James, the brother of John, is seized by Herod and killed. No comment, backstory, or reaction provided. One short verse and gone. I’ve just said more!
Then Peter is seized, and they expect him to be killed as well. The whole church prays for Peter. We’ll suppose that the church prayed for James as well, though it’s possible he was seized and killed so quickly the word didn’t get around until he was dead.
I think the stark presentation of James’s death, followed by the prayer of the church and then the rescue of Peter starkly emphasizes that prayer doesn’t always make things work the way we want it to, provided we haven’t figured that out by reading about Stephen’s death in Chapter 7. Yet the church prays.
As we watch calls for prayer regarding the aftermath of Hurricane Harvey, and recognize the prayer that went before, we should perhaps note that prayer isn’t a means of steering hurricanes according to our desires, nor of doing the cleanup afterwards. As I once heard preached, prayer isn’t a substitute for anything else, and nothing else is a substitute for prayer. Prayer has its own functions.
In any case, this time while the church is praying, an angel is off to rescue Peter. It may be just my imagination, but it feels like Peter is kind of an automaton through the first part. In verse 9, we’re told he thinks it’s a vision. He is certainly not thinking, “Oh, yes, here’s the angel I expected come to rescue me.” Once he’s in the street and the angel poofs, he realizes it’s really happening.
He heads off to where the church people are praying, and here we get a cameo by young Rhoda, who appears in scripture this once to be so happy at hearing Peter’s voice that she doesn’t open the door for him, but rather heads off to tell the other people he’s alive.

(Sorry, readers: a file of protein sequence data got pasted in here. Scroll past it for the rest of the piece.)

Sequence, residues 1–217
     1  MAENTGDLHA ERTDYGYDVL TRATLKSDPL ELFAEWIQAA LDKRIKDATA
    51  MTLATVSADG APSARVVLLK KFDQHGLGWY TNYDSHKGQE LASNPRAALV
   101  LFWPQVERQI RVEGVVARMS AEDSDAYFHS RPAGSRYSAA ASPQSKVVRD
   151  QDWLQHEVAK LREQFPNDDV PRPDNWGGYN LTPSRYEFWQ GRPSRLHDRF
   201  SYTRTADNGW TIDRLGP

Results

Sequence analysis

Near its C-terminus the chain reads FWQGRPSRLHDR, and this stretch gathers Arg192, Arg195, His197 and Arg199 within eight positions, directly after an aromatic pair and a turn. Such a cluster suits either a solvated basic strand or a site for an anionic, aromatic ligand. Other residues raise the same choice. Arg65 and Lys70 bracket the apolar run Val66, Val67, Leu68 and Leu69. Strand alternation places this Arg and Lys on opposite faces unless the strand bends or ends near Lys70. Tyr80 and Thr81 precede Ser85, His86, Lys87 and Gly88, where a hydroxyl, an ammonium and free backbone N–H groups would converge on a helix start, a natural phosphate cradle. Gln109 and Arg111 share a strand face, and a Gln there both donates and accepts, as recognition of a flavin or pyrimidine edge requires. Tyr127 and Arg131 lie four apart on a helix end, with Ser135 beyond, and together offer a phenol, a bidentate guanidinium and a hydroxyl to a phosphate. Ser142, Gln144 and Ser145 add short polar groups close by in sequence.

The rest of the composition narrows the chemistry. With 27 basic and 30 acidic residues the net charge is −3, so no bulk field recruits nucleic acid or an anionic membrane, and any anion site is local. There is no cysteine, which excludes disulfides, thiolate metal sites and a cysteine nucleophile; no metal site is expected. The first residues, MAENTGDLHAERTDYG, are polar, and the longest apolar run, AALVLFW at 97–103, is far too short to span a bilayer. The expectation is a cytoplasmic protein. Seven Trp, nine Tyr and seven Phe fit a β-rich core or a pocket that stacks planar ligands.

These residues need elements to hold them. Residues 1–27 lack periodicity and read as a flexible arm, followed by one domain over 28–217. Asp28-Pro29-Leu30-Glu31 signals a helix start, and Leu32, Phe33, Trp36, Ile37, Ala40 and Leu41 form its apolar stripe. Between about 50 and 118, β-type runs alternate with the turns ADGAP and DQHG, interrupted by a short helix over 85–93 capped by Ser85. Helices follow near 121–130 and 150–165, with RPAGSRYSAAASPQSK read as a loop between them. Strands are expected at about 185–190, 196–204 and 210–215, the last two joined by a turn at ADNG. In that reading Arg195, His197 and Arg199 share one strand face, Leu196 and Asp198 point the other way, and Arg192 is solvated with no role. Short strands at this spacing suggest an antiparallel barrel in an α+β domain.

There are a few people like her around today. They want to see a miracle happen, or even something they can imagine to be a miracle, and their purpose is to talk about it. They too can forget to open the door to whatever is happening next.
The people in the house are also quite normal people. They don’t believe Rhoda. After all, if you knew the security arrangements around Peter, you likely wouldn’t believe he was there either. I’d probably think someone got the guards drunk, stole the key, and then led Peter out of prison. If it was today, I’d think some kind of sleeping substance added to their food. At least they let Peter in off the street.
Sometimes Bible stories are really sparse. I keep wondering about Peter’s thoughts. He keeps knocking, but I imagine he was a bit put out when they didn’t open the door. Peter’s angel, indeed! (12:15).
Finally, we have Herod’s reaction. Imagine being one of those guards. I know I go off track, but I kind of feel sorry for the guards. They’re just ordinary guys off serving their country/ruler, and Herod isn’t for a moment going to believe that they were miraculously put to sleep while their prisoner was taken. Honestly, Herod’s reaction is quite rational. The best explanation for the facts he has before him is that the guards either shirked their duty or perhaps even took bribes to let Peter go.
Peter, who seems a relatively sensible guy in this story goes somewhere else.
I think if we read this story and let some of the turns sink in, we might away from a mechanical view of prayer and providence. It’s worth a try in any case.
(Some books I publish that relate: Pathways to Prayer (David Moffett-Moore), Angels, Mysteries, and Miracles (Bruce Epperly), and Directed Paths (my mother Myrtle Blabey Neufeld. Featured image credit, Openclipart.org.)